It’s been the guts of a year since the height of the boom industry of Ghostbusters (2016) opinion pieces, and, I guess, since Ghostbusters (2016). The thousands upon thousands of words written about Ghostbusters were many things, but mostly they were exhausting. For months before the film was released, the Internet was alight both with backlash against the all-female reboot of Ghostbusters and with subsequent condemnation of the backlash as sexism. Somehow an all-female remake of an eighties comedy about hunting ghosts became a touchstone of socio-political debate in a year where the UK voted to leave the European Union and Donald Trump was elected the American president.
As it turned out, Ghostbusters (2016) is a really bad film. Other than a handful of okay lines (“anti-Irish fence,” “Ghosts from the Past: Both Figuratively and Literally,” “Don’t ever compare me to the Jaws mayor!”), it’s mostly just a series of half-ideas, missed landings, and dragging, poorly-edited improv. The “my cat”/”Mike Hat” bit was apparently strong enough to be quoted in several reviews, but doesn’t work when Chris Hemsworth so clearly enunciated “my cat” in the first place – and is just a G-rated version of a joke as old as dirt, anyway. The film’s characters are paper-thin. Kate McKinnon is wacky, and is clearly going for an early-nineties Jim Carrey rubber-face performance but, unfortunately, can only do one face. Melissa McCarthy is mostly given an endlessly, needlessly recurring bit about wontons to work with. Leslie Jones’s character is so underwritten that her main supposed contribution to the team is from obvious and poorly-integrated reshoots (“I read a lot of non-fiction!”) – almost certainly added in response to criticism of the only black Ghostbuster being the only non-scientist. Kristen Wiig, one of the finest comedic actors working today, is mostly relegated to the straight man. Wiig and McCarthy’s characters rebuilding their friendship is abandoned as a plot point twenty minutes in, only to be suddenly brought up again in the finale, as if to give the illusion that the film is about something.
There was a time when it would have broken my heart to say all of that. I desperately wanted Ghostbusters (2016) to be good. I am (was) a big fan of the remake’s director, Paul Feig: I love Bridesmaids and Freaks and Geeks completely, and I really like Spy and The Heat. I’m a big fan of Wiig and McCarthy. I wasn’t familiar with Kate McKinnon or Leslie Jones’s work, except for McKinnon’s Hillary Clinton impression in a handful of Saturday Night Live sketches, which, aside from being bad impressions, are maybe the finest example of non-medy in existence – comedy that not only fails to make you laugh, but makes you less laughing than you already were. I care a lot about women being given more prominent roles in films, especially in comedies, and I’m keenly aware that just one female-led bomb can undermine efforts to get further female-driven movies made.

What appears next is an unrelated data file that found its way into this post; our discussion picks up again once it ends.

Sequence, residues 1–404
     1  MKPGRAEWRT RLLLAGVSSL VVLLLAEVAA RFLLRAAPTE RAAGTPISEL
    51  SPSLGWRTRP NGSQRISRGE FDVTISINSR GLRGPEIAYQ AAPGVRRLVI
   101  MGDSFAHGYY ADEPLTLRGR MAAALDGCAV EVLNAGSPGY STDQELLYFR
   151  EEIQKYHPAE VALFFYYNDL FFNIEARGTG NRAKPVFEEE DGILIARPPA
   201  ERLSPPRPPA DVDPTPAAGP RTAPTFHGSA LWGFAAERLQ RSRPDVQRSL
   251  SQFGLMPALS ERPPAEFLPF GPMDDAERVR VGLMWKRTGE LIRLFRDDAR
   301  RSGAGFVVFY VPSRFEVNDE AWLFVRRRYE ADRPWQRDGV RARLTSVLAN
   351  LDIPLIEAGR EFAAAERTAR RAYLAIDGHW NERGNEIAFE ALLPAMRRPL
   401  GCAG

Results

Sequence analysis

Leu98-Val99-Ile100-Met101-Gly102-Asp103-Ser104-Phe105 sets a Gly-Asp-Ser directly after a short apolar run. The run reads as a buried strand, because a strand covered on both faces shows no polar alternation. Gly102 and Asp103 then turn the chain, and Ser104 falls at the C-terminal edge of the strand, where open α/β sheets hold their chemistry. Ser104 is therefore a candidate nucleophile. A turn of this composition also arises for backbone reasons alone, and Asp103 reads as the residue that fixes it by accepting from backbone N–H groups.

And I love Ghostbusters (1984). It’s a maybe-perfect film. It’s wonderfully funny, full of deadpan wit and featuring three exceptional comic performances by three great comic actors – Dan Aykroyd, Harold Ramis and, of course, Bill Murray, in his best purely comedic role. His delivery of “human sacrifice, dogs and cats living together – mass hysteria!” is one of the best things ever captured in motion picture. Here is where I’m probably supposed to say that if I saw Ghostbusters for the first time tomorrow, I wouldn’t like it quite as much. To reduce my love for the movie to nostalgia, as has become a weirdly common way of undermining anyone talking about anything older than 1999 being great art. But that would be a lie.
When the backlash to the remake started, way before its release, I assumed that when people made fun of the self-described fans of the original who rejected the remake on premise alone, we were laughing at the idea that something as universally beloved as Ghostbusters was geeky and counter-cultural. We were laughing at the idea that a bad Ghostbusters movie could ruin your childhood when Ghostbusters II already exists. We were laughing at the idea of “Ghostbusters fans” as a small, niche community instead of the natural state of being for all humanity.
But after the film’s release, I was suddenly on the outside of that we. A lot of people said they really loved Ghostbusters (2016), and I could make a cheap joke about them all being liars, but I was and am happy for them. I have no interest in begrudging anyone a good time at the movies, at least not right now. What I am interested in is the tone with which people celebrated Ghostbusters (2016), and its implications.